Video device module loader 20 builds management interfaces for a video device of the type associated with a video device management module by parsing XML descriptor 28 and including instructions for accessing the video device from device specific access modules 30. In addition, video device module loader 20 may incorporate standard device access instructions using standard protocols taken from standard access modules, such as SNMP access module 32 or HTTP access module 34.
Video device management modules 22 are added to video device platform management framework 12 as desired to add support to video device management platform 10 for new video devices or for new features for existing video devices. For instance, to define a video device management module 22 with an attribute to report connection status and another attribute to report jitter, the type of interface for each attribute is determined. As an example, connection status may be supported by a standard interface such as SNMP, thus allowing the video device management module to use SNMP access module 32 to define access instructions for the connection status. As a further example, the endpoint may need a custom interface for video jitter so that a device specific access module 30 is written to support reporting of jitter. Thus, attributes for reading and writing jitter are implemented so that the AttributeReadAccessor and the AttributeWriteAccessor each define a method to interface values with the video endpoint based on the values defined by XML descriptor 28.
Referring now to
Referring now to
Once a video device instance 16 exists for endpoint X, the process continues to step 62 at which video device management platform 10 calls a get function to the video device instance for endpoint X to request the connection status attribute. At step 64, the management interface of the video device instance 16 for endpoint X determines the accessor corresponds to the connection status attribute and, at step 66, calls the accessor method to get the connection status. At step 68, the accessor communicates with the device according the protocol of the accessor method and obtains the requested value to return to the server at step 70 and then to the application 14 at step 72 for appropriate action. For instance, in the example described above, the accessor method obtains connection status with SNMP protocol.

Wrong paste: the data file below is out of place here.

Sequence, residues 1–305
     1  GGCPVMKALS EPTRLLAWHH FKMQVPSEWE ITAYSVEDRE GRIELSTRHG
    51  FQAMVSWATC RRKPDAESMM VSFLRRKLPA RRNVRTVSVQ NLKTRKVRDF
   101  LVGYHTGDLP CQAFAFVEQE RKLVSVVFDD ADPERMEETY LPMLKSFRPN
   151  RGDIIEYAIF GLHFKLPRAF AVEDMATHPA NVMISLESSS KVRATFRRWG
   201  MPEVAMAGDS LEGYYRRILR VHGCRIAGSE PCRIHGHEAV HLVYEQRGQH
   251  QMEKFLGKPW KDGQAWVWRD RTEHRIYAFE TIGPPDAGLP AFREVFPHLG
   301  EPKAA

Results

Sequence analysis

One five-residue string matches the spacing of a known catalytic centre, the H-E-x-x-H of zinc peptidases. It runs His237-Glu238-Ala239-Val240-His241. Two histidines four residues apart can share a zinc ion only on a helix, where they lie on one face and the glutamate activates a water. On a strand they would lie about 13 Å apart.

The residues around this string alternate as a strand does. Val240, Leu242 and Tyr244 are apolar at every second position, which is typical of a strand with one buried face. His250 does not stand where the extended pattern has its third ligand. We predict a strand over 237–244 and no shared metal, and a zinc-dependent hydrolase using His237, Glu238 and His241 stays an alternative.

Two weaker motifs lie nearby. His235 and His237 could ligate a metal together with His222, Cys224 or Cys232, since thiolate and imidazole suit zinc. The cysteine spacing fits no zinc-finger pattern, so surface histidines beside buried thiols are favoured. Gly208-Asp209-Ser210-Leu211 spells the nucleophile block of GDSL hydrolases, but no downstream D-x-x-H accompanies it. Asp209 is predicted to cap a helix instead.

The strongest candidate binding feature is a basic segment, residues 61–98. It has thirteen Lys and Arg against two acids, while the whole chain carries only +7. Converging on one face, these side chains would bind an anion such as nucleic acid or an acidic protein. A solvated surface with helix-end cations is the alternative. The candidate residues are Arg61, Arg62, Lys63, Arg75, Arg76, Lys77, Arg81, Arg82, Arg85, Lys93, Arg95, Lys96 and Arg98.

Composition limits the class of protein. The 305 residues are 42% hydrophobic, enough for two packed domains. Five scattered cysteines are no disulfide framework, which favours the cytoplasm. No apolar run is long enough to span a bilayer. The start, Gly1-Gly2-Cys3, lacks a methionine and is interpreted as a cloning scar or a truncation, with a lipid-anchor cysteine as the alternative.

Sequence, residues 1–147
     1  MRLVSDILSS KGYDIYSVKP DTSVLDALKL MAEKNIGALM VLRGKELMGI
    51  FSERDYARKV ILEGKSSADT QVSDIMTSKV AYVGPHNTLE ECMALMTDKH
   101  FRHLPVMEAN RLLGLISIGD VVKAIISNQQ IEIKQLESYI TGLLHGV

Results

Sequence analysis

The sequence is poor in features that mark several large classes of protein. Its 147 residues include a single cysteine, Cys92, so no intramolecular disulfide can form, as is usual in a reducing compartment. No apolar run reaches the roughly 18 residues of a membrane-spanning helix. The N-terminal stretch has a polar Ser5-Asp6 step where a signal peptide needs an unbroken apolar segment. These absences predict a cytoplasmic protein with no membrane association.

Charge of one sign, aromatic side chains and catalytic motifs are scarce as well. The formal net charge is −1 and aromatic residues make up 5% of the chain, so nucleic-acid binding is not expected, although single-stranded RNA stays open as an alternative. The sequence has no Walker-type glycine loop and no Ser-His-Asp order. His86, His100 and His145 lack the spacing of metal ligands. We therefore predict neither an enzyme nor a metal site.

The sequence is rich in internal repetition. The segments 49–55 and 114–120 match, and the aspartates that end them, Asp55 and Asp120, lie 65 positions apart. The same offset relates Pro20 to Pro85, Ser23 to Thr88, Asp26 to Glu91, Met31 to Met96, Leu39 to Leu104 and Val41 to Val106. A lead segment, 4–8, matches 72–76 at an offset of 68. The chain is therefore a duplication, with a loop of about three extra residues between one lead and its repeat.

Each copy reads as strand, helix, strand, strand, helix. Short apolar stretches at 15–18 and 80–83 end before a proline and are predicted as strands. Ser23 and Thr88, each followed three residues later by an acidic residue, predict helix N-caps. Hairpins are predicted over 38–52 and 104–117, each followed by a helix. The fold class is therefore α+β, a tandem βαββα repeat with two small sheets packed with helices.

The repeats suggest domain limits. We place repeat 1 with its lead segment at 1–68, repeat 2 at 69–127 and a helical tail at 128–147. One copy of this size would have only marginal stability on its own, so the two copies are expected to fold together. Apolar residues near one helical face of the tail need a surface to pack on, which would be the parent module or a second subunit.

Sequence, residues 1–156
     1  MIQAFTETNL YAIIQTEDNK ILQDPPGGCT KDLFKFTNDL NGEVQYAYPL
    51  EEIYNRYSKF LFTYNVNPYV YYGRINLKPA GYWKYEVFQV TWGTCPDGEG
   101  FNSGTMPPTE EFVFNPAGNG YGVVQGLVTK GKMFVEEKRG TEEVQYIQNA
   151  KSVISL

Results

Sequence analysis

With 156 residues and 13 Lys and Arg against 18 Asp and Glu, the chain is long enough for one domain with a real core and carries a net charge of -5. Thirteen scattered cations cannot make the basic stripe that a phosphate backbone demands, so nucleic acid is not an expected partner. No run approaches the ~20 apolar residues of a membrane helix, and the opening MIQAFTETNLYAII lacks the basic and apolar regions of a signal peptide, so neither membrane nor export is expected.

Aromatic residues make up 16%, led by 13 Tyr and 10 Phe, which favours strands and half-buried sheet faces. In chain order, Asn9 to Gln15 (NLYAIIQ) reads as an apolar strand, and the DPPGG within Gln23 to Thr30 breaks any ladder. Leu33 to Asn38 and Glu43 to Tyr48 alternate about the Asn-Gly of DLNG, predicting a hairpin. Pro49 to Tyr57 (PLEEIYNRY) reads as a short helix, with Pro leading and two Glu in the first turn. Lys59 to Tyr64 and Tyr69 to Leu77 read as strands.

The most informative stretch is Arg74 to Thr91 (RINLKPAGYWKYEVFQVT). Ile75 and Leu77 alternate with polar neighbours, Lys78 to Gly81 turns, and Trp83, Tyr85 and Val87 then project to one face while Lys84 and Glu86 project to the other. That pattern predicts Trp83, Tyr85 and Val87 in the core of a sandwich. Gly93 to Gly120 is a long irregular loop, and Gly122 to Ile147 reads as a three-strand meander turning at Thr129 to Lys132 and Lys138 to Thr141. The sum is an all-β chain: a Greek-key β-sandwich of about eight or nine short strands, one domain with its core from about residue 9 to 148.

Although the present invention has been described in detail, it should be understood that various changes, substitutions and alterations can be made hereto without departing from the spirit and scope of the invention as defined by the appended claims.
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|U.S. Classification||719/328, 348/E07.084, 709/207, 348/14.08, 709/205, 348/14.1, 709/206, 715/748, 719/321, 370/260, 709/204, 715/751, 348/14.09, 715/733, 715/750|
|International Classification||G06F9/00, H04Q11/00, H04L12/16, G06F9/46, G06F15/16, G06F13/00, G06F3/00, G06F9/44, H04N7/15, H04L29/08|
|Cooperative Classification||H04L67/125, G06F9/4411, H04N7/152|
|Aug 5, 2002||AS||Assignment|
Owner name: FORGENT NETWORKS, INC., TEXAS
Free format text: ASSIGNMENT OF ASSIGNORS INTEREST;ASSIGNOR:SEEBALDT, KURTIS L.;REEL/FRAME:013170/0254
Effective date: 20020805
|Jan 5, 2005||AS||Assignment|
Owner name: TANDBERG TELECOM AS, NORWAY
Free format text: ASSIGNMENT OF ASSIGNORS INTEREST;ASSIGNOR:FORGENT NETWORKS, INC.;REEL/FRAME:015545/0634
Effective date: 20041124
|Sep 8, 2011||FPAY||Fee payment|
Year of fee payment: 4
|Dec 1, 2011||AS||Assignment|
Owner name: CISCO TECHNOLOGY, INC., CALIFORNIA
Free format text: CONFIRMATORY ASSIGNMENT;ASSIGNORS:TANDBERG TELECOM AS;CISCO SYSTEMS INTERNATIONAL SARL;SIGNING DATES FROM 20111110 TO 20111129;REEL/FRAME:027307/0451
|Sep 18, 2015||FPAY||Fee payment|
Year of fee payment: 8